Seeding plan lowers risk

Varied flowering times help spread frost risk

DRY YEAR: Mintaro's Andrew Mitchell had one of his driest starts to a season up until the weekend, receiving only 70mm of rain in six months.

DRY YEAR: Mintaro's Andrew Mitchell had one of his driest starts to a season up until the weekend, receiving only 70mm of rain in six months.


After four generations of mitigating environmental risks in a more than 600 millimetre rainfall area, the Mitchell family at Mintaro have learned a few important tools throughout the years.


After four generations of farming in a more than 600 millimetre rainfall area, the Mitchell family, Mintaro, have learned a few important strategies throughout the years to make sure they remain ahead of the unique challenges a wet, and frost prone landscape presents.

Andrew Mitchell, his brother David and parents John and Pam are not conventional farmers, Andrew says, because “it is a pretty unforgiving environment out here”.

The family operate 3000 hectares from Mintaro through to Hanson and experience consistent weather extremes. 

“In a really good season, no other region in SA will be able to beat it but in the bad years, we get hit really hard,” Andrew said. 

“Because we have a long season if we get the right conditions and have an extended year we have a great ripening, so we will average about six tonnes a hectare, but if we have a short season and it shuts off, then we go back to about 2t/ha,” he said. 

This means the Mitchells choose not to “block farm” and split crops into smaller sections to suit different paddock conditions. 

This season, 700ha of Scepter and Trojan wheat, and soft wheat variety Orion will be sown from about April 20.  

About 500ha of canola, hay and legumes – lentils, chickpeas and beans – will also be sown, with the last crop expected to be in the ground by June 20. 

“We received about 27mm of rain at Mintaro last weekend so we will start with canola, even though we have only had 70mm of rain in the past six months,” Andrew said.  

“We have lots of different amounts of each crop in each area and although we do spend a bit of extra time on the road moving machinery and checking crops at different places, it is frost mitigation and a need to spread the risk that drives it,” he said.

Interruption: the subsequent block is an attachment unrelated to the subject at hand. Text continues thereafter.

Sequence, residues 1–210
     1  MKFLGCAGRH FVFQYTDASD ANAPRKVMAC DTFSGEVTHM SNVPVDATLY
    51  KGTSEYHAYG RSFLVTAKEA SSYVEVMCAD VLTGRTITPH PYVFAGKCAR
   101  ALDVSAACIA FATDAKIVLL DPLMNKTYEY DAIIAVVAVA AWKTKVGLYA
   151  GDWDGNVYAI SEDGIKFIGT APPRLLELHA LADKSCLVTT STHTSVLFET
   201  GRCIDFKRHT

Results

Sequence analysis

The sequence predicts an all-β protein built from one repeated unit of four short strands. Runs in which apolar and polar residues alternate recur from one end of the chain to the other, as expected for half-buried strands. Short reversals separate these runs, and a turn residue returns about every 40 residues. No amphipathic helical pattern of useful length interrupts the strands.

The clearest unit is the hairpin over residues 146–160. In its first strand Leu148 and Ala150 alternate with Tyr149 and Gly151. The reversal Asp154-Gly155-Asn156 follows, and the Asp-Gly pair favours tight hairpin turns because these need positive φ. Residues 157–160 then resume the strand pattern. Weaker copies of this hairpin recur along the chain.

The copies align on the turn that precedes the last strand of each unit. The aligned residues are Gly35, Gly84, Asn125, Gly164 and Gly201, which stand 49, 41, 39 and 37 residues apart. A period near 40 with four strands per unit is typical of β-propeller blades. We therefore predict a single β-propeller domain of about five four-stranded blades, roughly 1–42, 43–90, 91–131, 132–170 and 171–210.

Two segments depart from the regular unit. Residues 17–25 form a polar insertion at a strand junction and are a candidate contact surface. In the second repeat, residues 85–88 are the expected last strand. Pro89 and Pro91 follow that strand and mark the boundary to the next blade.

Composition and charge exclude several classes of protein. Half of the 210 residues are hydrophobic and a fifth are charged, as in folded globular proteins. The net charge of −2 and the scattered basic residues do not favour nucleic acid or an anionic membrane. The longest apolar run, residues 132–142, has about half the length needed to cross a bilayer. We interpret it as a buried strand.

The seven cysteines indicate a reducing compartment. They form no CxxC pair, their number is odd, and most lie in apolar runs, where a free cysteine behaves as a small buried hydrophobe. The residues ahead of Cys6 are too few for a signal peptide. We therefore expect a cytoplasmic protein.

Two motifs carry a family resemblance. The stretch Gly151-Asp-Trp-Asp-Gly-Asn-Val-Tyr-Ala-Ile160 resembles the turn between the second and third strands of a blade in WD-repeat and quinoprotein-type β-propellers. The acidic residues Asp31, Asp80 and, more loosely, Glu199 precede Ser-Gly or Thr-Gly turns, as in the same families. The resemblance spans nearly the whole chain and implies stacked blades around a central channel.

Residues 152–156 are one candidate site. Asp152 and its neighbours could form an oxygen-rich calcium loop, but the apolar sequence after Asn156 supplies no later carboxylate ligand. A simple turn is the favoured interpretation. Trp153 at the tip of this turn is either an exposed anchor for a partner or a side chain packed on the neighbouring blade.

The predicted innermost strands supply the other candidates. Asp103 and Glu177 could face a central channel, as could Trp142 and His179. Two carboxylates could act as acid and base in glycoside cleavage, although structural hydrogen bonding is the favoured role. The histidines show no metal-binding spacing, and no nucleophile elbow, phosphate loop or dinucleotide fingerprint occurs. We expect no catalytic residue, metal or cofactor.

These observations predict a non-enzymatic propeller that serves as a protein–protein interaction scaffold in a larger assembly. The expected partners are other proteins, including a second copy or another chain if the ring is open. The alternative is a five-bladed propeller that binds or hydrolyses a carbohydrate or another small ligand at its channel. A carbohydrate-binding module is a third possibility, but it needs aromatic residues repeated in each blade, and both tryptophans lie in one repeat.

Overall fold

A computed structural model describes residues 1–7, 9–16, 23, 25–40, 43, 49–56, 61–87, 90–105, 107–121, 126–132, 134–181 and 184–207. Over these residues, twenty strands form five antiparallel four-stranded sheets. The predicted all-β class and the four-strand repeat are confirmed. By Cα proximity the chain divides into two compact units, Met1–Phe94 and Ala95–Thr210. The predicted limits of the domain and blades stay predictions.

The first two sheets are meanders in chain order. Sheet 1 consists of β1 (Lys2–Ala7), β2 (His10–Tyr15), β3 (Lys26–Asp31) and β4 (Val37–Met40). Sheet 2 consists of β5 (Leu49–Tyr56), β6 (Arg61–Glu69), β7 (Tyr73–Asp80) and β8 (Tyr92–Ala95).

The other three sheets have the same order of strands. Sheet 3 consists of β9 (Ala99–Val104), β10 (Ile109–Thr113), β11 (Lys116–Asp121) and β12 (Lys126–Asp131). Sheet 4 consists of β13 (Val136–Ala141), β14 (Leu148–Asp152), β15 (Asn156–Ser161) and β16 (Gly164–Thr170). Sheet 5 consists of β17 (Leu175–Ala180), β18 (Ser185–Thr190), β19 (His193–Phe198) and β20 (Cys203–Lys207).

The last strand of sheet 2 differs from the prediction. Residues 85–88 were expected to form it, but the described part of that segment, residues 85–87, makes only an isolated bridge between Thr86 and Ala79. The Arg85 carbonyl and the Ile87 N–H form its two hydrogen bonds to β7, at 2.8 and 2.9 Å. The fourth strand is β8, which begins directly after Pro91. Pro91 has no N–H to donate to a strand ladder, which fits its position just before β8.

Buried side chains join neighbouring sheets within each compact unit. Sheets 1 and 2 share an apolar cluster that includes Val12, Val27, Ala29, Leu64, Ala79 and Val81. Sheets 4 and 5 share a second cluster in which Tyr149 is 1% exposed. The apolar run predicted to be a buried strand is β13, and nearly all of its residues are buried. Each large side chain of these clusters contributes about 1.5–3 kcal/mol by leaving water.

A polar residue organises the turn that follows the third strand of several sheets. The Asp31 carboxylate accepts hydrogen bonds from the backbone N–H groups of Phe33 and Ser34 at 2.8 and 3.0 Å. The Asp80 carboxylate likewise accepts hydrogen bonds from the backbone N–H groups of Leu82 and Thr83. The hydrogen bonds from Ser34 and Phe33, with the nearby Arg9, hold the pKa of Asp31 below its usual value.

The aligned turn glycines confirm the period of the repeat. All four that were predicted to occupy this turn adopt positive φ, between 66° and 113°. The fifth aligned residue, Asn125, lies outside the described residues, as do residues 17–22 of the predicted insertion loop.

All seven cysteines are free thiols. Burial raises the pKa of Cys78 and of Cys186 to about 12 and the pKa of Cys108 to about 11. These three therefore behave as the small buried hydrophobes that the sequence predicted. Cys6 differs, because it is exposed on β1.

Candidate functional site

“Up north, crops can be ready up to two weeks earlier than Mintaro, so it is a chance to get some paddocks dealt with instead of all paddocks being ready at once.” 

Seeding later and at different times for the same crop came about from consistent frost damage that has occurred since 2010.

With frost often being the Mitchells season make or break factor, Andrew said staggering flowering times from October 5-25 helps “dodge frost damage and have back up crops.”

“If one paddock gets hit hard because frost came at a crucial time of the plant’s growth, then we have other paddocks quite a distance away that would not have been hit,” Andrew said. 

“From 2011 to 2016 we had severe frost damage and in 2016 we had about 40 per cent damage,” he said. 

Livestock is also a part of a frost management plan with 6000 Merino sheep grazing pastures in high-risk paddocks instead of land being used for sowing crops.

High hopes for barley returns

FOLLOWING a slight hiatus from growing barley because of severe frost risk, Mintaro mixed farmer Andrew Mitchell has reintroduced the cereal into his rotation this season. 

A slight slump in barley prices in 2016 meant Mr Mitchell decided to grow more wheat instead and leave barley out of his rotation, but because returns have increased and more malting varieties have been released, this year he will sow 200 hectares. 

"We have never been big barley growers and there has just not been a big place for it in our program," Mr Mitchell said.

"We have only sown small amounts because of our frost issue and not having the option to cut it as hay because it is not as saleable," he said. 

Compass barley was the variety of choice in previous years Mr Mitchell says, but this year Spartacus was chosen for its high yielding and malting capabilities. 

"It is a Clearfield variety, so that gives us chemical options – which is a big plus – and the latest trials showed it performed really well because of its growth habit," Mr Mitchell said. 

He expects to begin sowing barley on May 20 after canola, beans, wheat and hay.

"I think it will be a part of our rotation each year, especially because of the sheep aspect of the operation – I would have loved a bin of feed going into this year since we have had no rain," he said.

"We have high hopes for its performance and we are hoping for malting."


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